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For their own good
Fifty years ago, they were screwed-up kids sent to the Florida School for Boys to be straightened out. But now they are screwed-up men, scarred by the whippings they endured. Read the story and see a video and portrait gallery.
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WWII ship sinking still chills survivor
A raft was his savior after sharks and the sea devoured other sailors.
By CARRIE RITCHIE
Published May 28, 2007
NEW PORT RICHEY - For five days and five nights, Seaman 2nd class Troy A. Nunley floated on a raft in the middle of the Philippine Sea without food, water or sign of rescue. At 19, he watched the USS Indianapolis, his home of almost four years during World War II, sink in a matter of minutes.
Nunley, now 81, sat on his porch Thursday, wearing the bits of dried leaves and grass that had been his afternoon work. He was miles away from the Philippines. But as the retired landfill manager told his story, the intense gaze in his eyes showed the memory remains strong.
"Sometimes at night it hits you," he said. "It'll never go away."
About midnight July 30, 1945, the Indianapolis was struck by two Japanese torpedoes just after it delivered the first atomic bomb to the island of Tinian.
The almost 1,200 on board were sent into the sea or to an early grave.
Nunley was on the bow, where one torpedo hit. As the ship sank, he stepped into the water. The sky had been black, except for the flash of the explosion, and Nunley said he had to fight his way through the water, murky with oil from the ship. Somehow, he found a raft, which he shared with another sailor for the duration of their time at sea.
"I bumped into it luckily," he said. "It was my way of getting back to life. Something told me to go swimming that way and that's what I done."
Most of the sailors weren't as lucky. Nunley said some men linked arms and forced themselves under to drown. Some went down to get a drink of water or swam off to find a friend and never returned. Some sailors had lost limbs and were so dazed that they didn't know what was going on, he said. And many were devoured by sharks.
"There were millions of sharks, millions and millions," he said, his foot tapping nervously at the thought. "They weren't no little ones, either, they were big ones. ... All you'd do is see a shark come up and get them and ... you'd see blood and that was it. It was like fishing. You go out and fish and you get some big ones, and that's the way it went. You was the bait for the sharks."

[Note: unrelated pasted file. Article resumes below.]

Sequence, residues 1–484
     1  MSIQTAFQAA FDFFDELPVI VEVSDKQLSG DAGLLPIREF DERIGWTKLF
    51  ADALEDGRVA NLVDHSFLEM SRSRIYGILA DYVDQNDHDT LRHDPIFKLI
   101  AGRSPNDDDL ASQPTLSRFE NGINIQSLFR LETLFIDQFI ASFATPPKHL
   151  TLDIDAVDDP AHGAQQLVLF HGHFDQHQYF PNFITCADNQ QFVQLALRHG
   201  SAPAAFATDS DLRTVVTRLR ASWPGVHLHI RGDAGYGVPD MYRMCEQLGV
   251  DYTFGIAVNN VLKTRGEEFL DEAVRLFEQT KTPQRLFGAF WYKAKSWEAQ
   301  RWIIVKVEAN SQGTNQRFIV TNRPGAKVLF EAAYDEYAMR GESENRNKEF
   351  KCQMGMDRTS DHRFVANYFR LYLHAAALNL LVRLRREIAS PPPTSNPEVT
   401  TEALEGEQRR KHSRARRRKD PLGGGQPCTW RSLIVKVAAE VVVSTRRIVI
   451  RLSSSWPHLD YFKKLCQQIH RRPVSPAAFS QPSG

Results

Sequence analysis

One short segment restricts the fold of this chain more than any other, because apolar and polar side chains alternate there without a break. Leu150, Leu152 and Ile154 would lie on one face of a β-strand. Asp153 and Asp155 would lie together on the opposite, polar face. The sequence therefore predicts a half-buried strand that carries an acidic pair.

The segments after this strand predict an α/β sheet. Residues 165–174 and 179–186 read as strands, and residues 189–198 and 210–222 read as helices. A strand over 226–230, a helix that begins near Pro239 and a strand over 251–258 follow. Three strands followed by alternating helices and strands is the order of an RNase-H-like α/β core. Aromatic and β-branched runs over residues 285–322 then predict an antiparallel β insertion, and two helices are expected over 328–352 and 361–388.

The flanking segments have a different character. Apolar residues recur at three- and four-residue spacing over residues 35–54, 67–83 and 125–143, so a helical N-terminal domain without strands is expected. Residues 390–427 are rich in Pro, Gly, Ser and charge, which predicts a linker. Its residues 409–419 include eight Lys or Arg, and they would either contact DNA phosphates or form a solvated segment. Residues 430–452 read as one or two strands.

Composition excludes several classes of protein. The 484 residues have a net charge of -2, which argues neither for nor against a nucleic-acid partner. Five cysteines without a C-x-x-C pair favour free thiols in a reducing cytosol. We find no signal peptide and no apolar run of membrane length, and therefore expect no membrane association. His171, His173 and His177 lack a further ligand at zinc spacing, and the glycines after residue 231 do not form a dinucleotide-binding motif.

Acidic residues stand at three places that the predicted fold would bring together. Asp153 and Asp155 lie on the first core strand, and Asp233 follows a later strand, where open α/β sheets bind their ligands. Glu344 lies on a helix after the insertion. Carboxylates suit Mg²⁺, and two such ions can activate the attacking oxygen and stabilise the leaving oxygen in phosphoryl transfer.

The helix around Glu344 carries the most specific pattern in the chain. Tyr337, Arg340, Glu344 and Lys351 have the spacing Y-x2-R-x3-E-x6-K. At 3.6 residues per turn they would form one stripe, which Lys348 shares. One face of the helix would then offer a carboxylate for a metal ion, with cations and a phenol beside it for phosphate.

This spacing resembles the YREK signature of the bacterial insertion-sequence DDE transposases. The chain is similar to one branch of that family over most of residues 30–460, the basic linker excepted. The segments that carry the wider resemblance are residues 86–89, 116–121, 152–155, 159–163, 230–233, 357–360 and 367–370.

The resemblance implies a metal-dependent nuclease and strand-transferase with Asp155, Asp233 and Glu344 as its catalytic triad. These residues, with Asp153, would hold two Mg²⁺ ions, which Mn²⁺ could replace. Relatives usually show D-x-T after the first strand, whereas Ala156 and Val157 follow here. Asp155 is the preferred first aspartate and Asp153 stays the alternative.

Nunley said he fought off the sharks by hitting them, since they'll turn around if they run into something. Still, he said, one shark hovered near the raft for five days and five nights until Nunley was rescued.
"I think he was just waiting for us to die or get weak enough that he could get us," he said.
The men all went without food and water. Nunley said at one point he grabbed a fish from the water and ate it. It made him so sick that he still can't eat fish today.
"I thought I was going to die then for sure," he said. "You lose your mind. ... You're just dried out. Nothing in your stomach and no sleep -- that's bad."
He said he would get into the water during the day to stay cool and at night to stay warm, but he got saltwater sores as the water seeped into his cuts and scrapes. He said his legs turned "blue and purple" from the loss of circulation, and it took him six months to walk again.
Finally, a plane noticed the oil in the water and flew closer. Nunley said the pilot saw the mass of sharks and the men trying to fight them. The pilot radioed for help, and the USS Cecil Doyle was the first to respond.
They were lucky to be rescued. By then, only 316 were left, according to the Naval Historical Center.
Nunley spent more than six months at a hospital in Guam. He was eventually discharged with a Purple Heart and four or five medals, but the sea took those, too. He said he lost most of his belongings, including his medals and pictures, in Florida's no-name storm in March 1993.
But this didn't stop him from sharing his story. Nunley has been featured in five books and several documentaries about the incident. And every three years, he goes to Indianapolis for a reunion with about 50 of the remaining survivors, a trip he plans to make again this July.
Despite his struggles, he said he is focused on enjoying the rest of his life in New Port Richey with Alice, his wife of more than 50 years, and continuing his gardening.
"I'm just glad to see the old sun come up in the morning," he said with a grin. "I like it. I know I'll live another day, or I'm on my way, anyway."